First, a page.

#4: You notice a strong relationship between chords, melody and lyrics. Nothing happens in a vacuum in the world of songwriting. For a melody to be good, it needs to sound like the proper vehicle for the lyric, all supported by good chord choice.

#5: You notice a mainly stepwise construction. Good melodies will usually move to the note that’s on either side of it, with occasional leaping. Stepwise motion makes a melody easy to sing, and leaps add a bit of an emotional shot.

All melodies are not created equal. Some are verse melodies, others are chorus or bridge tunes. And how you write one will help to make a listener keep listening, or could turn them off completely. You need to structure your melodies. Structure is what helps us discern the beginning from the end.

1: Take a song that you've written, and compare the melodies of the verse and chorus. Try to determine the lowest and highest notes of the verse. Now determine the lowest and highest notes of the chorus. Compare the two. In general, a verse should be pitched lower than a chorus.

2. Is your verse melody the same, or almost the same, as your chorus melody? If so, the lyrics and instrumental accompaniment need to intensify for the chorus.

3. Melody notes that leap upward usually indicate an emotional intensification. Find the place in your verse and in your chorus that feature the biggest upward leap. The lyrics at that moment should reflect an intensifying of emotion.

When structuring a melody always take into account of how it interacts with other compositional elements. Even though we can't be specific about what makes a good melody, we can make some generalizations:

A verse melody needs to feel somewhat inconclusive, so that the listener wants to keep listening. The kind of lyric you'll use in a verse will talk about things in a somewhat narrative way. So you tell the listener about what's happening, without being overly conclusive about what that all means emotionally.

In melodic terms:
A verse melody will work well if it doesn't dwell on the key note of the piece. If your song is in A-major, make your melody hit other notes from the A major chord (C# and E) and reserve frequent use of the tonic note (A) for the chorus. The general range of the notes of a verse should be lower than a chorus.

A chorus melody needs to feel more conclusive, so that the listener understands what the emotional impact the verse has had on you. The kind of lyric you'll use in a chorus will tell the listener not just what you're feeling, but ultimately what it all might mean.

In melodic terms:
Stronger lyrics will make a stronger impact if you hit the key note (tonic note) more often in your chorus than in your verse. If your song is in A major, melodies and melodic fragments should keep coming back to the note A. The general energy of a chorus should be higher than the verse. So in general, the notes of the melody should be higher than the verse.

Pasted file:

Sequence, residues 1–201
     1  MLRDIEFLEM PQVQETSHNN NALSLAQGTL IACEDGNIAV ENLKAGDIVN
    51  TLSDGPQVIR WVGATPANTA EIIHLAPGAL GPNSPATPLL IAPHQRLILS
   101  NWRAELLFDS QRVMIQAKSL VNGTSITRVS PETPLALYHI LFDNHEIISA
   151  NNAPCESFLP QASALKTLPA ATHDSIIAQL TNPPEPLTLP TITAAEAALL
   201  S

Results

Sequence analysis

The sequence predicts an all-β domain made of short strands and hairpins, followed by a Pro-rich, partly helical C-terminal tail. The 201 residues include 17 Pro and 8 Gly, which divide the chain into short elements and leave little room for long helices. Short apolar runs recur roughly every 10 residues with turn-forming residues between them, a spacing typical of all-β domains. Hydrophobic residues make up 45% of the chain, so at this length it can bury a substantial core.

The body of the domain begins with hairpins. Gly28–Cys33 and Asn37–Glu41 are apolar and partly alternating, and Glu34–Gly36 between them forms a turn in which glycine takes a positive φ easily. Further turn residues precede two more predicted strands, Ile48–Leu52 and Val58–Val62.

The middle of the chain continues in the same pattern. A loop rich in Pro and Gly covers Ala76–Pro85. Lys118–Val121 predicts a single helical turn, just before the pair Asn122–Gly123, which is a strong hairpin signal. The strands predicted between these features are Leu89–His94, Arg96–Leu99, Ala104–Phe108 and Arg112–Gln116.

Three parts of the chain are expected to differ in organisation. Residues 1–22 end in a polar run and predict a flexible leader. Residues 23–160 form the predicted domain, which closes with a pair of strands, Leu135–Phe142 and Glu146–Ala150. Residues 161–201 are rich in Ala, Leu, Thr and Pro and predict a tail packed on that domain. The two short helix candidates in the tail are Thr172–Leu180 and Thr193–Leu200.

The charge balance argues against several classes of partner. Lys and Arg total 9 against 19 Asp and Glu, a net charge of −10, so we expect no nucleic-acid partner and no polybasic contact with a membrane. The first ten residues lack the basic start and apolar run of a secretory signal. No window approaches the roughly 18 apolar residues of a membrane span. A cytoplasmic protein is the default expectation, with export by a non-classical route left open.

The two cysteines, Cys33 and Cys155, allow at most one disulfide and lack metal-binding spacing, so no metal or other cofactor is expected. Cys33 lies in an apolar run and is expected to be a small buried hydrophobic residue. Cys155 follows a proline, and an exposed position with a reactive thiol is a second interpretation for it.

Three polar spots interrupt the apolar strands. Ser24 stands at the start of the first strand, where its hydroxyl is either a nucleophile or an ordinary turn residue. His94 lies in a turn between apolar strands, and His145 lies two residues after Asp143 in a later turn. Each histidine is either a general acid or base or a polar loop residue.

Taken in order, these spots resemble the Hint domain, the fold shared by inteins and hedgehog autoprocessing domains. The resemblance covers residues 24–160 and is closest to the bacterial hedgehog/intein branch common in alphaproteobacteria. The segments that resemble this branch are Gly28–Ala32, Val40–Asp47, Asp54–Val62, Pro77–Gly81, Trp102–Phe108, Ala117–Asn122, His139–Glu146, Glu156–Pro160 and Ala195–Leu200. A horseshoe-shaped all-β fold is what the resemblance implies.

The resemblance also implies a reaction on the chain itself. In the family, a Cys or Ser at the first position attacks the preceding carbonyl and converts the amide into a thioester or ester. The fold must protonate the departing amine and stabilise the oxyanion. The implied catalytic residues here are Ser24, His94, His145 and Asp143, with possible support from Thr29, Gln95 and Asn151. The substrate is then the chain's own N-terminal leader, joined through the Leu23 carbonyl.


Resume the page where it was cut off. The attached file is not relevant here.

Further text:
A bridge should represent a bit of an emotional outpouring, so the audience feels the true impact of the topic on you. The lyric may want to focus on certain emotional material, and it works well if certain words keep getting repeated.

In melodic terms:
The melody will want to be hitting notes as high or higher than the chorus.
Some bridges will keep the energy sustained so that the final chorus that comes after benefits from the added energy. Some bridges will allow the energy to dissipate, particularly if you plan to have another verse before the final chorus.

Melodies generally need to be structured so that they don't sound like an aimless wandering of notes, and melodic patterns need to strongly consider lyric at any given time. Melodies generally work well if you keep the following structural elements in mind:

#1: The number of phrases should be a factor of two. A phrase is a spot in the music where the line rests momentarily, and most singers feel that it's the spot where they would breathe. Two-bar, four-bar, eight-bar, and sixteen bar phrases are the norm. (However, that being said, don't be afraid to experiment.)

#2: Repeated figures in a melody usually go hand in hand with an intensifying of lyric. For example, finding a four or five note idea ("motif") and using it somewhat repetitiously works well in a bridge.

#3: Complex lyrics do not necessarily need a complex melody. In fact, you can use a somewhat simplistic melody to allow the lyric to be easier for the listener to remember. And a simple melody will make a complex lyric seem less daunting.

#4: Using a repeated-note motif and a slower tempo can add a sense of profundity to an unremarkable lyric. This doesn't always work, but if your melody takes a certain note, and repeats it often over a line or two of text, it has the same effect of someone tapping their finger on a desk as they talk: it offers emphasis.

For integrating lyrics with melodies It's important to reiterate at this point - very rarely are songs good because of lyric or melody alone. It's the integration of melody, lyrics and chord progression, in a sensibly coherent form, that make a good song. Good melodies are ones that set the lyric up, and that offer the same basic attitude of the lyric. Here are some guidelines:

determination, dedication, forthrightness
use many repeating notes;
start on a strong beat;
are pitched at the outer reaches of the singer's voice (high or low).

love, tenderness, compassion
use a motivic leap (i.e., a particular interval that recurs);
are pitched centrally in a singer's range, with higher notes reserved for more emotional moments.

a narrative (story)
use mainly stepwise motion, with leaps at more emotional moments.
are pitched centrally in a singer's range.